APRIL 15th, Much More Tahn Tax Day

As you know, April 15th is Tax Day. It is also very significant for another reason. On April 15th, 1947, Jackie Robinson put on a Brooklyn Dodger uniform and ran out of the dugout at Ebbets Field. Jackie Robinson was the first “Negro” to play in any professional U.S. sport. Up until this point no Black, Hispanic or any non-white athlete could not play professional major league sports. Wonder what professional Basketball was in those days.

I was born in Brooklyn two days before Jackie Robinson put on that uniform. After I got out of the cotton diapers, my Dad took me frequently visiting Ebbets Field. Dad always tried to get seats along the first base line so we could see Jackie close-up. Jackie Robinson is one of my heroes. Dad was a former labor leader who always carried a gun. By this time, he was a professor. If you looked up Liberal in the dictionary, you’d see a picture of my Dad. In my den on the wall hangs a poster size photo of Jackie stealing home against the Yankees in one of the many World Series matches between the two. I also have framed Jackie’s letter to Major League Baseball that he will be retiring.

So why is this athlete so important to me and more importantly to the United States of America? Before Ms. Parks, Dr. King, and lunch counters, there was a white guy, Rickey, clearing the field for Jackie to integrate professional sports. Sadly, a few years ago, I asked a few Black kids if they knew who Jackie Robinson was; none knew.

Jackie was no slouch. He graduated UCLA, has letters in four sports, and was a Lieutenant in the Army during WW II. Even back then, Jackie refused to sit in the back of the bus on a military bus.

This breakthrough could not have happened anywhere but Brooklyn.

Brooklyn back then was a unique place; it was the real unsegregated spot on the world map. In that era, every WWII movie had a G.I. from Brooklyn. The actor’s roles usually came from a variety of places but always one guy from Brooklyn. And from Brooklyn, he could have any ethnicity, except Black (Blacks in movies a no no and in real life WWII Negroes were segregated in the Army). In musicals, Frank Sinatra and others “came” from Brooklyn. Anytime someone mentioned on live TV, a roar happened. Every American, and I guess those many around the world knew Brooklyn and what it stand for; that accent was more popular than a Texas drawl.

I am a member of the New York Friar’s Club and it seems most members when relaxed have a Brooklyn accent.

Everyone from Brooklyn, no matter their religion or ethnic root spoke some Yiddish and Italian; even the Chinese waiters in Chinese restaurants spoke some Yiddish, Italian, Russian, and Spanish. People from Ireland spoke English and as Jimmy Cagney said in his bio that gave them a head start. The Irish history back then is so American and so wonderful. Cagney spoke Yiddish fluently.  Corned Beef and Cabbage, that’s a story in itself. My Christian friends would go to Hebrew School with me and I’d go to Sunday School with them.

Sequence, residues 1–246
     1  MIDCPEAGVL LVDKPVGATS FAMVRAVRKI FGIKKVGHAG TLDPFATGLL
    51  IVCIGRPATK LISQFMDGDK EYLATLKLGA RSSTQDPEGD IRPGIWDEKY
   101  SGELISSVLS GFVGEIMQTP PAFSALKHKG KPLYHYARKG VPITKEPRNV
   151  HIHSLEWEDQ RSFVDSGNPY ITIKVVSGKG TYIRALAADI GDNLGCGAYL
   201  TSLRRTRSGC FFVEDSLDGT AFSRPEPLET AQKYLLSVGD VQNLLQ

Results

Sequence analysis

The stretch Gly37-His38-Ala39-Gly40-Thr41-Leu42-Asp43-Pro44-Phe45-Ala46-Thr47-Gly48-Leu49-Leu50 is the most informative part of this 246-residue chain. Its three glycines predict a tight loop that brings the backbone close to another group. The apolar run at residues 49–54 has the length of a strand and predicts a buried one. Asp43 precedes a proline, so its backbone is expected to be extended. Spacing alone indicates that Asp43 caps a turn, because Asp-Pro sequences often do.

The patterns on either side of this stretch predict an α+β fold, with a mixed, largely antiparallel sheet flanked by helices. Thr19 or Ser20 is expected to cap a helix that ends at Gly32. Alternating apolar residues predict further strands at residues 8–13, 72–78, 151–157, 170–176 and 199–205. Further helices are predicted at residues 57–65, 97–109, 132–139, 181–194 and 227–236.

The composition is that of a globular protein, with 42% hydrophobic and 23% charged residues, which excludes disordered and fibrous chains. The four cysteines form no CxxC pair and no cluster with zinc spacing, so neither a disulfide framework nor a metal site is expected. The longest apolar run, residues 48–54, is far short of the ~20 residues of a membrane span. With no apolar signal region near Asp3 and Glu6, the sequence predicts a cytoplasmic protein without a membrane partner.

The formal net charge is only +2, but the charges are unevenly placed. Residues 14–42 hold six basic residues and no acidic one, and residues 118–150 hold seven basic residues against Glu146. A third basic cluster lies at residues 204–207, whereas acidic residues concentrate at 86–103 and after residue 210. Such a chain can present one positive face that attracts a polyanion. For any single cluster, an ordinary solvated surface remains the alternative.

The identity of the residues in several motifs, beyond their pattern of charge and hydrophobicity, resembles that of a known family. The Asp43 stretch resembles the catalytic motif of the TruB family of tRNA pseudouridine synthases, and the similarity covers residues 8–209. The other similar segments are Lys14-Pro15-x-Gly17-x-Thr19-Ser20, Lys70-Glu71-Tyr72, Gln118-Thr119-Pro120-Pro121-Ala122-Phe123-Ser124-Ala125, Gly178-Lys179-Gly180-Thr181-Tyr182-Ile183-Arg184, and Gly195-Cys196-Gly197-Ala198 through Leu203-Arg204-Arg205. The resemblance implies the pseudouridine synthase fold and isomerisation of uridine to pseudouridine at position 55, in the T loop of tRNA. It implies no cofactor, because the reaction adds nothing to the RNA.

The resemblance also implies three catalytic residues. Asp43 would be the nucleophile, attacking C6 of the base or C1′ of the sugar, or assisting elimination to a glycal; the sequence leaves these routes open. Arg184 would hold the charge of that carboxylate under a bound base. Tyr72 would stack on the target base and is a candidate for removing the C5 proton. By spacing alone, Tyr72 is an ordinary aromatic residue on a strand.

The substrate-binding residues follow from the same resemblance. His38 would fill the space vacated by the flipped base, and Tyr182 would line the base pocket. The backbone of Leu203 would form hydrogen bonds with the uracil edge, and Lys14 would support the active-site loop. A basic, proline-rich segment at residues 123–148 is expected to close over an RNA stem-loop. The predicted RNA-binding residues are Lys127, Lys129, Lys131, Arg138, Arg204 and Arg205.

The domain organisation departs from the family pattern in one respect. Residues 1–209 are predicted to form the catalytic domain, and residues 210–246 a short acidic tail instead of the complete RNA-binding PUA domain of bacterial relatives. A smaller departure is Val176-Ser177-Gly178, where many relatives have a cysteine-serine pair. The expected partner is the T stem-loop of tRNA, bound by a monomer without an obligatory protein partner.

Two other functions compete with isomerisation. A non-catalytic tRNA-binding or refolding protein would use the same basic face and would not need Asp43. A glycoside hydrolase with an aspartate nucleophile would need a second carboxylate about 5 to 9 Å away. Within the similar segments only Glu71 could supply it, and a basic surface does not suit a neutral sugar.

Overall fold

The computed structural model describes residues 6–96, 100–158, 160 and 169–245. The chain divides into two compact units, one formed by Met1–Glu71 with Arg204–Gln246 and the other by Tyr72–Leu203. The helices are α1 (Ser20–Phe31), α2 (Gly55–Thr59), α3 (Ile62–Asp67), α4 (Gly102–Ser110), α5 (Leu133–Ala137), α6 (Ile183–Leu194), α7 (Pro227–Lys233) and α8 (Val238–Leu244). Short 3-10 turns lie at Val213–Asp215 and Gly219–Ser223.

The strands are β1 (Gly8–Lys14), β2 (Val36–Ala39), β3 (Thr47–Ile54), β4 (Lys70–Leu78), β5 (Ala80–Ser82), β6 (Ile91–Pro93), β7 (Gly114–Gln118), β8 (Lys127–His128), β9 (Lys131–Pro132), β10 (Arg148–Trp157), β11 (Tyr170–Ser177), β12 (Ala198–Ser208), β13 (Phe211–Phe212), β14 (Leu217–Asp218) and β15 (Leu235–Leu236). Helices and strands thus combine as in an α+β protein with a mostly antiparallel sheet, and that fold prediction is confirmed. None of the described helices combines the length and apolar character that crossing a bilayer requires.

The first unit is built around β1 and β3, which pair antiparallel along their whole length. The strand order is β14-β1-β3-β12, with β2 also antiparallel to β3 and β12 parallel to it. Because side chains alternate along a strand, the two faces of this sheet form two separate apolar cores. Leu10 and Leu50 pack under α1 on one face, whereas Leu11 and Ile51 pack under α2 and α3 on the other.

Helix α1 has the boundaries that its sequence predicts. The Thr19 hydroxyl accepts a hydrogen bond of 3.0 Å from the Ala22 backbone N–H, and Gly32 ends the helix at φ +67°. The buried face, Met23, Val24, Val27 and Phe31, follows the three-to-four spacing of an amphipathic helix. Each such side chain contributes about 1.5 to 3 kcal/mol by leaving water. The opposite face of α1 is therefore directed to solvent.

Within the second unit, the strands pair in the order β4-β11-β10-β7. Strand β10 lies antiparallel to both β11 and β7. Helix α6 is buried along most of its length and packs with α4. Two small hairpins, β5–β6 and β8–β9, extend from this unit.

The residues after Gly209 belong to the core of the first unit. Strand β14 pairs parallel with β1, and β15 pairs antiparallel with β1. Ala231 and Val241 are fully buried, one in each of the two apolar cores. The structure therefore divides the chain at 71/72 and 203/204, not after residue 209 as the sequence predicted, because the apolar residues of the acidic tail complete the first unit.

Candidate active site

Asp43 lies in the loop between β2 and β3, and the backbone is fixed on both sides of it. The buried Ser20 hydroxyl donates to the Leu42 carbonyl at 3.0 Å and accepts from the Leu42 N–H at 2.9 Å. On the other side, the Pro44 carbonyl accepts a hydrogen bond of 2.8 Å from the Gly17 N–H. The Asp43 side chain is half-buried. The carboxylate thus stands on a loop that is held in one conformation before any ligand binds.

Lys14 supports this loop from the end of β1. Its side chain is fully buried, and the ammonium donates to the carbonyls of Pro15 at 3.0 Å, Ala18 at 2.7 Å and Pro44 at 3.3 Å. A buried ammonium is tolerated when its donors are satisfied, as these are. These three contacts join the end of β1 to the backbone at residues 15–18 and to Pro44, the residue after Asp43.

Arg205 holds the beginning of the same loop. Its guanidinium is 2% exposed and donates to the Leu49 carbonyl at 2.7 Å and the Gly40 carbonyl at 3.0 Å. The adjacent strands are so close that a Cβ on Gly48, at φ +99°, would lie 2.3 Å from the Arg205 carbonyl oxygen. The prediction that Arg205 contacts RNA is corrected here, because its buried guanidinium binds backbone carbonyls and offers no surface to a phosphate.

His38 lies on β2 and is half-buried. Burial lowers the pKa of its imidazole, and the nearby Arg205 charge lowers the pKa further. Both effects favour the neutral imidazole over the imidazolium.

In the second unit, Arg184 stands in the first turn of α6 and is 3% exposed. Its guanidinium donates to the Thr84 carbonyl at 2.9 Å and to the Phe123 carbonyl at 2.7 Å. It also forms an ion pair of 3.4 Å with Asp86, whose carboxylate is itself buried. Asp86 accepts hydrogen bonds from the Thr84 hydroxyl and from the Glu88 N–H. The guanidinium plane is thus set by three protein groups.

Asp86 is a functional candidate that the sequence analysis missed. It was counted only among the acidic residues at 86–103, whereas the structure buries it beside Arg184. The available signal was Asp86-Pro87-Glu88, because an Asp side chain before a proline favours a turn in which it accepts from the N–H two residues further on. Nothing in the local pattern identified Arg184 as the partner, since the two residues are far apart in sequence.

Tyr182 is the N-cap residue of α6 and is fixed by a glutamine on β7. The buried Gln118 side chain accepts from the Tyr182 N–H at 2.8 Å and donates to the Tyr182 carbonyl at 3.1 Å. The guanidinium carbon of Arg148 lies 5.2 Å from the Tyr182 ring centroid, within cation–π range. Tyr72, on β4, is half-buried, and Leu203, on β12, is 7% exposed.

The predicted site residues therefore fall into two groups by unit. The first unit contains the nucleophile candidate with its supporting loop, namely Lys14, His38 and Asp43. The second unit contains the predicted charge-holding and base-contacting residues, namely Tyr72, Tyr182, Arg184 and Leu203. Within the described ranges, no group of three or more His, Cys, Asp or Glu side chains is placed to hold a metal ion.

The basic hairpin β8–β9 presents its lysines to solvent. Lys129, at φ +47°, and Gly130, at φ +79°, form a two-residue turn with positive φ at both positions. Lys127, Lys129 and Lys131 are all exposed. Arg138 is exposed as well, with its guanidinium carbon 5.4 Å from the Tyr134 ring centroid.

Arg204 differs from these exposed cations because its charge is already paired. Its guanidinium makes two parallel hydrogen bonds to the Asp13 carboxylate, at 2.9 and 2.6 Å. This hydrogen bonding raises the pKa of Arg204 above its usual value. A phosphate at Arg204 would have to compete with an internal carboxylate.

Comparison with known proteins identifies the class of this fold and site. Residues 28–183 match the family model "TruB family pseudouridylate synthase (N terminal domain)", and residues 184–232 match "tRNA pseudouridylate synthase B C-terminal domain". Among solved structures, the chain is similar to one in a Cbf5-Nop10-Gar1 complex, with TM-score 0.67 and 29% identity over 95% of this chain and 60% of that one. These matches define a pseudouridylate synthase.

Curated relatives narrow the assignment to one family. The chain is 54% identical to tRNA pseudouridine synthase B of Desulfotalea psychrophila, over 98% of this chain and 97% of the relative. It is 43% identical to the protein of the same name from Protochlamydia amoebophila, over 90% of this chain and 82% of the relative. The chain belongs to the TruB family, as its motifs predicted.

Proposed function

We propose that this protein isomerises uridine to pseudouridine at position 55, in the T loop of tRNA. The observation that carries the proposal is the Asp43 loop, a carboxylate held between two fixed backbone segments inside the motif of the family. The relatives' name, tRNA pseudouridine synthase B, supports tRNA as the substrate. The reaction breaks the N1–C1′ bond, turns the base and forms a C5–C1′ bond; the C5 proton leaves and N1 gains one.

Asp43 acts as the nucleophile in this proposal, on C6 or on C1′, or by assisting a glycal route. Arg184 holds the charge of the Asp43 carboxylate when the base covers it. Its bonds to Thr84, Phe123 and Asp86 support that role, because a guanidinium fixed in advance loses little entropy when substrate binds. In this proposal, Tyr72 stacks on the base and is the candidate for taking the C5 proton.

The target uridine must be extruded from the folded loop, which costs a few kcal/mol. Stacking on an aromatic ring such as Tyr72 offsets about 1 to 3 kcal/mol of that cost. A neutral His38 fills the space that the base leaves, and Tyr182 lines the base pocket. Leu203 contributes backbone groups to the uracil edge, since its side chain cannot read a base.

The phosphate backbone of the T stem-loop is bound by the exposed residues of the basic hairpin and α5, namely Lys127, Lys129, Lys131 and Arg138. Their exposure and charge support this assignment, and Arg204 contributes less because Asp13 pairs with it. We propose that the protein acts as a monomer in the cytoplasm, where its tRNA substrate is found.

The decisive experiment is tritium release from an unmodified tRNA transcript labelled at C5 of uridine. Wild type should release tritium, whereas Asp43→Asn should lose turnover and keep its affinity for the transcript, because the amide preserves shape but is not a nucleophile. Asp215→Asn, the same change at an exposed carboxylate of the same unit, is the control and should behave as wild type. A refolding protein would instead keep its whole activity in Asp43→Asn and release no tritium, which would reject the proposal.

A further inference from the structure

Brooklyn was different.
One of the ironies of the Brooklyn Dodger organization when Jackie joined the team, all broadcast announcers were southerners – Red Barber and former Tiger, Ernie Harwell. Vin Scully, who still does play-by-play for the Los Angeles Dodgers, a New Jersey native, didn’t arrive until after Jackie was a Dodger for three years. The southern guys were not comfortable with Blacks on the team and pretty much said so. Ernie said he “respected” Robinson’s skills” and Red Barber was more direct and threatened to quit. All of them were out front about it.  Branch Rickey tried to have Red overcome his racism, but I think it was major league announcer job’s pay made the difference. Jackie’s performance I think also one him over. Jackie’s stats are unbelievable – Batting average of .297, Rookie of the Year in ’47 and he stole a lot of bases, including home like no one else. Barber appeared on NPR radio in the 90’s telling the truth about all about this. And, by the way, the Yankee’s announcer was Mel Allen, another southerner. I guess New York teams didn’t think New Yorkers could speak right.

 A few years ago on my WLBY program, I had as a guest Jackie’s daughter Sharon Robinson. It was wonderful to hear that people around the world are in awe of Jackie and that the Jackie Robinson Foundation receives donations from all over the globe.

Under Branch Rickey’s leadership, he continued hiring African-Americans.  He quickly signed Joe Black, Don Newcomb, Roy Campanella and others – All Hall of Famers. Other teams recognizing Black players exceptional skills started hiring also.

My point. Brooklyn made it happen. It could not have happened in Philadelphia, Boston, the Manhattan/Bronx Yankees or Chicago. It’s just a fact.

The Jackie Robinson that Branch Rickey allowed to blossom are both important people to me, not just from professional sports, but because they changed so much for so many.

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